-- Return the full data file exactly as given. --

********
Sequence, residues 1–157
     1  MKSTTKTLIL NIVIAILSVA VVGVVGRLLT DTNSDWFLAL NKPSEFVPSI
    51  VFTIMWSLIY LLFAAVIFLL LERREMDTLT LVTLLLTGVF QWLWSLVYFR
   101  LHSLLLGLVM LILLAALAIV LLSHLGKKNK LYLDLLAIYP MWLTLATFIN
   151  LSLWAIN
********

Sequence, residues 1–157
     1  MKSTTKTLIL NIVIAILSVA VVGVVGRLLT DTNSDWFLAL NKPSEFVPSI
    51  VFTIMWSLIY LLFAAVIFLL LERREMDTLT LVTLLLTGVF QWLWSLVYFR
   101  LHSLLLGLVM LILLAALAIV LLSHLGKKNK LYLDLLAIYP MWLTLATFIN
   151  LSLWAIN